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When it comes time to do the actual minting, it seems that every ERC721 contract out there calls the 2-argument version of the _safeMint() function, which in turn then proceeds to immediately internally call the 3-argument version of _safeMint().

Here's what I mean - this is the code directly from OpenZeppelin's official ERC721.sol contract:

// The 2-argument version:
function _safeMint(address to, uint256 quantity) internal {
   // Immediately call the 3-argument version:
   _safeMint(to, quantity, "");
}



// And here's that 3-argument version:
function _safeMint(address to, uint256 quantity, bytes memory _data) internal {
   // minting logic/code, usually eventually calling:
   _mint();
}

So like I said, I've seen this pattern again and again and again, in pretty much every minting contract out there.

So I'm wondering if there's any reason why we can't just directly call the 3-argument version from our contract and skip that 2-argument version - since it all it seems to do is call the 3-argument version anyway - and be done with it?

Especially if we know we'll never have any real value for the data argument that has to get passed in, and can therefore just happily pass "" for it ourselves?

1 Answer 1

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You could call the 3 argument method immediately.

The two-argument version is provided with the default value for convenience during development. This way you don't need to figure out what default values need to apply to _data when it's not being used.

The reason the 2 argument version calls the three argument version is also for maintainability. If the 3 argument version is overridden, you still expect the 2 argument version to call the 3 argument version with the default value for _data.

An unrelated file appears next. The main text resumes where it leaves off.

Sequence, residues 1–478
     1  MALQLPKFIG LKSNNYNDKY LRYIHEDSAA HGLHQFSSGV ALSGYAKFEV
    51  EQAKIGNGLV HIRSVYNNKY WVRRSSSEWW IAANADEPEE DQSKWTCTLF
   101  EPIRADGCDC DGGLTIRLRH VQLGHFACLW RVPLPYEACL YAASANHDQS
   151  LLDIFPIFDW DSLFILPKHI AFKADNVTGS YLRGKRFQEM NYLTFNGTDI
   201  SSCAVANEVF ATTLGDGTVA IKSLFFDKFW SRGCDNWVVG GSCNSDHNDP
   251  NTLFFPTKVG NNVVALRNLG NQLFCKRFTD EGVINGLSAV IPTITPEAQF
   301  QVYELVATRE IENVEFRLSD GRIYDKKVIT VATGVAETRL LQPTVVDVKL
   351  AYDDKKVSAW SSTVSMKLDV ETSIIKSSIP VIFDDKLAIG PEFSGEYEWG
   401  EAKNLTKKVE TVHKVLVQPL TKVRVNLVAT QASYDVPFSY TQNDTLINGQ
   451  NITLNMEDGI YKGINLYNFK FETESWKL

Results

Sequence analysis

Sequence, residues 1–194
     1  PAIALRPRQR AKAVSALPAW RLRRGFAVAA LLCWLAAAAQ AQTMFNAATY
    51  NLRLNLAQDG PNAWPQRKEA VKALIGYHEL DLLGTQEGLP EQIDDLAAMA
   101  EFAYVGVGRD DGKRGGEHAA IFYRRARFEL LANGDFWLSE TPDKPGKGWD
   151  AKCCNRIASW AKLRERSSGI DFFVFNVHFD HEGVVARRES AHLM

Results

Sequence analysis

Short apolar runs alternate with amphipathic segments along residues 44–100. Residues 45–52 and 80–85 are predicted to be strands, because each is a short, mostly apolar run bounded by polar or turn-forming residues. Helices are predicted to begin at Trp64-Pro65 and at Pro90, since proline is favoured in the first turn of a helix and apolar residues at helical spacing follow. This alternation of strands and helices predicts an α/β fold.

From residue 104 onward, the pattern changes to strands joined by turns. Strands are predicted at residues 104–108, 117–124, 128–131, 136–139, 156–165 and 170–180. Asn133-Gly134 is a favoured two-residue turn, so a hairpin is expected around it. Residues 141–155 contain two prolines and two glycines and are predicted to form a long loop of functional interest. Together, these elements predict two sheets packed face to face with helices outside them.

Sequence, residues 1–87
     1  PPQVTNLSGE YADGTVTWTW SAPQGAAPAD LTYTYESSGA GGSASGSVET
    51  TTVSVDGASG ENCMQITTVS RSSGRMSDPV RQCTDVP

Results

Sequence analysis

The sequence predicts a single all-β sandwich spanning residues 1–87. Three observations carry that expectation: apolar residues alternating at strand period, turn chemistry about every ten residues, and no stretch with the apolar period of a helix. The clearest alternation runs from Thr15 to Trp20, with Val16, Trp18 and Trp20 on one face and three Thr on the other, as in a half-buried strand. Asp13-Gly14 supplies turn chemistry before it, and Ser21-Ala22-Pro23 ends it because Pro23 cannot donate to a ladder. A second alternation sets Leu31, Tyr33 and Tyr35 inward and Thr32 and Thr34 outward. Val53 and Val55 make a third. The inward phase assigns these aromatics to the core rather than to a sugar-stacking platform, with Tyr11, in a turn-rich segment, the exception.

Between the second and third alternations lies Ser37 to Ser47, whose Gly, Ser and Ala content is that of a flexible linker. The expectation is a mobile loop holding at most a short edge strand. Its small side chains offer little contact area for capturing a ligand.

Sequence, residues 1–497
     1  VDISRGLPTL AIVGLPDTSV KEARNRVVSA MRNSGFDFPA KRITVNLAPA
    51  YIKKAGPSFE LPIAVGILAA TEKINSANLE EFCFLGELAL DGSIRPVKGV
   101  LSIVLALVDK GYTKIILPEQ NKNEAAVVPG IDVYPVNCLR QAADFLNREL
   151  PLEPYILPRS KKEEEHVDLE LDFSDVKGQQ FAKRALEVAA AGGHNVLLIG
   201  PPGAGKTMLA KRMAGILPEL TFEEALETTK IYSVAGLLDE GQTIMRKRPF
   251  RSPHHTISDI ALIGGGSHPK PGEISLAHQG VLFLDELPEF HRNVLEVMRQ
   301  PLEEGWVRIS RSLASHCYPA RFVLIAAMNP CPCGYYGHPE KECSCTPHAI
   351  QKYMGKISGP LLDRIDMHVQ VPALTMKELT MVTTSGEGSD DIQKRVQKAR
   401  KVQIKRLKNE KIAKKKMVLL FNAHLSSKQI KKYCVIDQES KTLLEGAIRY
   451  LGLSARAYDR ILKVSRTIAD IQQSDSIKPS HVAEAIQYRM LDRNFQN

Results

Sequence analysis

The pattern is called overloading and is common in OOP languages like Java. https://www.mygreatlearning.com/blog/method-overloading-in-java

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  • Understood the 1st pt. of you answer - but not the 2nd. part. Can you give an example? (Who/Where would the 3-arg. version be overridden? And if it is overridden, wouldn't it be for the purpose of just calling it directly - and again skipping the 2-arg version anyway?)
    – Mark55
    Aug 30, 2022 at 0:23
  • When working with libraries (like OpenZeppelin) and complex contracts you might find a situation where you need to change the underlying implementation. In that case, you override the 3 arg version so that any methods using your 2 arg version are calling your updated code.
    – Milk
    Aug 30, 2022 at 2:56
  • You could also call the 3 arg version directly, supplying your own value for the extra field. This multi-method pattern is called overloading and it's very common in OOP languages like Java
    – Milk
    Aug 30, 2022 at 2:58
  • What's the purpose of that 3rd argument? I am using it so I can attach a string to each mint but I don't know how to access. Is it possible to access that data field somehow? Oct 30, 2023 at 8:13

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